* * *

The image for this story is actually the abandoned chapel at the centre of Abney Park Cemetery in Stoke Newington, London, although the flash was inspired by the legend of the Black Knight, who is reputed to haunt the small churchyard attached to St Nicolas' Cathedral in Newcastle upon Tyne. The St Nicolas churchyard is not overgrown and the Cathedral is one of the most beautiful ecclesiastical buildings in the country, but it suited the flash better that the church be neglected, so I've taken a bit of artistic license. I'm also not sure why the Knight is stuck in the churchyard, but this made the most sense to me. It is true that someone threw a brick through the oldest window in the Cathedral, though what happened to the hooligan is anybody's guess...

32 comments:

isabeljoelyblack said...

This is just jaw-droppingly well written, beautifully described and deeply chilling.

mazzz_in_Leeds said...

Awesome! A great way to mix modern and old. The knight is a lovely character, and the imagery of the forgotten church hidden in the modern city centre is great

Icy Sedgwick said...

Thank you! Ever since I heard the story of the Black Knight of St Nicolas', I've always felt so sorry for him. I hope he knows he hasn't been forgotten.

Sulci Collective said...

I loved this story! "The knight's sacred duty to protect swelled in his chest" was a brilliant line as was his hunger finally being slaked but at the terrible cost. Now that the last window is broken, will he finally starve to death as there's nothing left to desecrate, nothing left for him to guard?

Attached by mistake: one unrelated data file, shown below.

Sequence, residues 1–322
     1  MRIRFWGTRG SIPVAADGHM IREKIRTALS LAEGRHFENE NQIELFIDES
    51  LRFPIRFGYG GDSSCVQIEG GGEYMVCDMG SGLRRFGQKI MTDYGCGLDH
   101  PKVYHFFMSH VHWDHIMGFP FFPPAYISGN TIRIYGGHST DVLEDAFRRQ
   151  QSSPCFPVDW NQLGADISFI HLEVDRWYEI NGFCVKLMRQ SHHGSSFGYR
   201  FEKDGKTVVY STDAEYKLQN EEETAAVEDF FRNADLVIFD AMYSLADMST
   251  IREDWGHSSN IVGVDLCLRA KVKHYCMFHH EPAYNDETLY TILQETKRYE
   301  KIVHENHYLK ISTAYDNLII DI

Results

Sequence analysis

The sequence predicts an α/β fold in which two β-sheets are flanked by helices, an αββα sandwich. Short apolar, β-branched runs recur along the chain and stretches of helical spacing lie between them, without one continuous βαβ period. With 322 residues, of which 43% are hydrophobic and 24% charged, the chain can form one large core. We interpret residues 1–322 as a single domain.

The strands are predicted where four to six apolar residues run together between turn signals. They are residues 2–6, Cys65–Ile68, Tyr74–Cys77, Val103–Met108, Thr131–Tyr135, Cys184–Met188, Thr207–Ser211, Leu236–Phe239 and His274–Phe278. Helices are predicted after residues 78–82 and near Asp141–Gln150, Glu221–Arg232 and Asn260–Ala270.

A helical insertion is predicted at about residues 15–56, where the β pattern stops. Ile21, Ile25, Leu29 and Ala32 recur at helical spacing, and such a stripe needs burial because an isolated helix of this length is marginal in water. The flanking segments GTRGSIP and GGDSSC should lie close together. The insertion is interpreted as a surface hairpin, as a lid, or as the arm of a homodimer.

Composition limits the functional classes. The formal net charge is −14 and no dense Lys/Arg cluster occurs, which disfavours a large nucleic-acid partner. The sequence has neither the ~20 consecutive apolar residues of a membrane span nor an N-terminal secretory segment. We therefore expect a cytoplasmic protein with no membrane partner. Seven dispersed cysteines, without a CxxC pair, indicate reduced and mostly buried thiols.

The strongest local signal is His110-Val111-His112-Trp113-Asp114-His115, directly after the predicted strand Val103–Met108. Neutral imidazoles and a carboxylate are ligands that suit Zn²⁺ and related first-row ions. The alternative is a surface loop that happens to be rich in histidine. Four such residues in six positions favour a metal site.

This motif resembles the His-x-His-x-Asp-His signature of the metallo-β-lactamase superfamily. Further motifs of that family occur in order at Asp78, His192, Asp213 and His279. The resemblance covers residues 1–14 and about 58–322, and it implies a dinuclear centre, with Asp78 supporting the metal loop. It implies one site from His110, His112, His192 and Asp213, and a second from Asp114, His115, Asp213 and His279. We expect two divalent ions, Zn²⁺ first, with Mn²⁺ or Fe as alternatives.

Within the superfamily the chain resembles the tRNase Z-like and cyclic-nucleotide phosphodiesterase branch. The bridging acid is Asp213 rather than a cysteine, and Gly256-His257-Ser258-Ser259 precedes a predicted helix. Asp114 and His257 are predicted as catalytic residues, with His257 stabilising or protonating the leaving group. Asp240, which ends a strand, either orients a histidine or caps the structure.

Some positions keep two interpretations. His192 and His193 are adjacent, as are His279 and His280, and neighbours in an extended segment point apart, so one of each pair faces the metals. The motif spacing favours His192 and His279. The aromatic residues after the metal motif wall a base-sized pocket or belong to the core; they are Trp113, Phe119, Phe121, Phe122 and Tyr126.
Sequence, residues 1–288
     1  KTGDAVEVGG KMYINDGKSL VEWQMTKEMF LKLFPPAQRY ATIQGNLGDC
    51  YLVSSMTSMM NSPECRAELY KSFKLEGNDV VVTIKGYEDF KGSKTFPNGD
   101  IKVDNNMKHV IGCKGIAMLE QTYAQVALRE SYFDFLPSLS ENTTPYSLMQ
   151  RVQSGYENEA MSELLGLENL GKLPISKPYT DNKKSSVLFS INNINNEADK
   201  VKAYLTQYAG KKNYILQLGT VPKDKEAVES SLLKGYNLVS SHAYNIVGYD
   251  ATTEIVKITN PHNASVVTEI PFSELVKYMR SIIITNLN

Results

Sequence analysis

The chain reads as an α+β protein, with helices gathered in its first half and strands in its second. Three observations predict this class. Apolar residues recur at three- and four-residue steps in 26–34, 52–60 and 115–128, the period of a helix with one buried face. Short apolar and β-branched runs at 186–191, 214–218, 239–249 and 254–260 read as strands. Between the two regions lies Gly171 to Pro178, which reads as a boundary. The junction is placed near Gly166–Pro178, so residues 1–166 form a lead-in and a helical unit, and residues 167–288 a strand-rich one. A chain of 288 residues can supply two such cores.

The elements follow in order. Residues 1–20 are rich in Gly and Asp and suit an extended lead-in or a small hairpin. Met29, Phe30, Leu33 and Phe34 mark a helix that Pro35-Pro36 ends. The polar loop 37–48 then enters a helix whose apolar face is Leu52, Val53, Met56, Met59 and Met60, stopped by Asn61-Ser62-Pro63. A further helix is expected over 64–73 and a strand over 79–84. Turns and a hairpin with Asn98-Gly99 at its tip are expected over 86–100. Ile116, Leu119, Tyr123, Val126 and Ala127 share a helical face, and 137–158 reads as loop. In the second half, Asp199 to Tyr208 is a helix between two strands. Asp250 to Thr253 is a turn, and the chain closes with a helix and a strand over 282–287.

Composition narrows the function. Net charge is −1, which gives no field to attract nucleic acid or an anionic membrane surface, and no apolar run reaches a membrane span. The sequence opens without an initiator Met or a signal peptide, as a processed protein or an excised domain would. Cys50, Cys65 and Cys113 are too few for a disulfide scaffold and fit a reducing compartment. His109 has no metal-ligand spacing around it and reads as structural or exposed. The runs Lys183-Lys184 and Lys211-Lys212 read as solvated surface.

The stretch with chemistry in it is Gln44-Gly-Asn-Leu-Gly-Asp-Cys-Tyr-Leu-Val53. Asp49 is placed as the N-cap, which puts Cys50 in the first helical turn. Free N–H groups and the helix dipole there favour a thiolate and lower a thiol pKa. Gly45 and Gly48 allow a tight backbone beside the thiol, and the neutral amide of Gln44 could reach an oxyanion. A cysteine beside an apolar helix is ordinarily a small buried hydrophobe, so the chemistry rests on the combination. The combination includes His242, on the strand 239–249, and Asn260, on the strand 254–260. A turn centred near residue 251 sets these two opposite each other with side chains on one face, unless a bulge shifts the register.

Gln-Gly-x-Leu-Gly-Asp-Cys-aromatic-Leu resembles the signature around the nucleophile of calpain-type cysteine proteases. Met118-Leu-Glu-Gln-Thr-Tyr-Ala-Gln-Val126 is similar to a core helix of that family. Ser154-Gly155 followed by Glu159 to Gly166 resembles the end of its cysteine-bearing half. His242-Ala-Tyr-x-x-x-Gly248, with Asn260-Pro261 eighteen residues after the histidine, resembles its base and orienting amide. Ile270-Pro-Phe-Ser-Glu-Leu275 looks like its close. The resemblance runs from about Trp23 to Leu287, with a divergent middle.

Not sure you need 'inwards' after 'imploded'.

You honour your churches & myths very, very well with this story

Marc Nash

ankewehner said...

I really like that the ghost is both "good", in that he punishes evildoers, and "evil", in that he consumes souls.

One thing confused me, though: Pissing on someone's grave(stone) isn't "something wrong"?

Icy Sedgwick said...

@Marc - I'm really glad you liked it.

And yes, weeing on a gravestone is unpleasant, but considering the era the Knight is from, public urination isn't considered 'evil', or worthy of the punishment the Knight metes out. Throwing a brick through a window is!

dreamfiction said...

Excellent detail. The Black Knight came to life so easily while I was reading this. Looking forward to reading through some of your other stories.

Sophie said...

I think one of my mum's old friend's who died of an aids related illness is buried in a graveyard in Stoke Newington.
I'll have to buy some books on old London, there are so many great stories (like this!) to write.

Maria A. Kelly said...

Love this, Icy and like you, I love this knight, too. Beautiful image, by the way. I love gothic churches.

Cathy Olliffe said...

Icy, this was fabulous, really, really fabulous.
I love abandoned cemeteries, churchyards - such mythical places. And your black knight, such a terrifyingly sad creature.
I love how you took real places, real legends, and breathed life and your personality into them.
Awesome!

Icy Sedgwick said...

@dreamfiction - I hope you enjoy them!

@Sophie - Abney Park is lovely. This particular tale was inspired by Newcastle but there's loads in London's history that can always be retold.

@Maria - I'm a big fan of this particular Knight's work. I popped in to say hello at his tomb last time I visited the Cathedral.

@Cathy - So glad you liked it! The Knight is a very sad figure...I don't want him to be forgotten!

Sam said...

I love this story, though it probably explains why I've never ventured into St Nicolas' Cathedral after dark. The line, "...and heard metal sing as it split the air" gave me the chills.

afullnessinbrevity said...

The idea of chivalry should never be forgotten. I like The Black Knight; he's my new hero. And to see a window of such beauty destroyed. I do hope he finds his body. What I like is the forgotten-ness of the church and its spirituality amongst the mass produced modernity.